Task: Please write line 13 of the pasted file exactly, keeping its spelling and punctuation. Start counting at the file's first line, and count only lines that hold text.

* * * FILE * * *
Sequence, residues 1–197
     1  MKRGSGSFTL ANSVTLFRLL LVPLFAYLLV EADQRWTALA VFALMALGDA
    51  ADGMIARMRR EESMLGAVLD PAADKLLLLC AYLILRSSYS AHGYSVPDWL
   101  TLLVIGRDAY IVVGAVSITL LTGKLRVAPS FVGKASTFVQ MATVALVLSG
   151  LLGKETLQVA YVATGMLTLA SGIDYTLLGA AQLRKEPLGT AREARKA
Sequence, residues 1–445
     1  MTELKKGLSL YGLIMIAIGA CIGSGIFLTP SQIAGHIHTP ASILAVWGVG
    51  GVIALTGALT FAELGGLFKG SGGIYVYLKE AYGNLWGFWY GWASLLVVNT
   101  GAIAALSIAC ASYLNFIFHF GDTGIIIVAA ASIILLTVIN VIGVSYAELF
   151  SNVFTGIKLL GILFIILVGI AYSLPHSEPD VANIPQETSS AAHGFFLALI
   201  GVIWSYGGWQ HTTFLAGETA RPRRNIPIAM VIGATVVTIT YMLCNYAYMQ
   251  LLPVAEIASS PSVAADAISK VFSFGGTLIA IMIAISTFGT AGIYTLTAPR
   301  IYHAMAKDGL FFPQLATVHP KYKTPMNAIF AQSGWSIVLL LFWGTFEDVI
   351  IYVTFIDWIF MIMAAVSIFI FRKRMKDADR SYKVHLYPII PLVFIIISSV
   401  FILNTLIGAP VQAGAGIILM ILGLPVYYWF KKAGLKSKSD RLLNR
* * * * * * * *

   301  IYHAMAKDGL FFPQLATVHP KYKTPMNAIF AQSGWSIVLL LFWGTFEDVI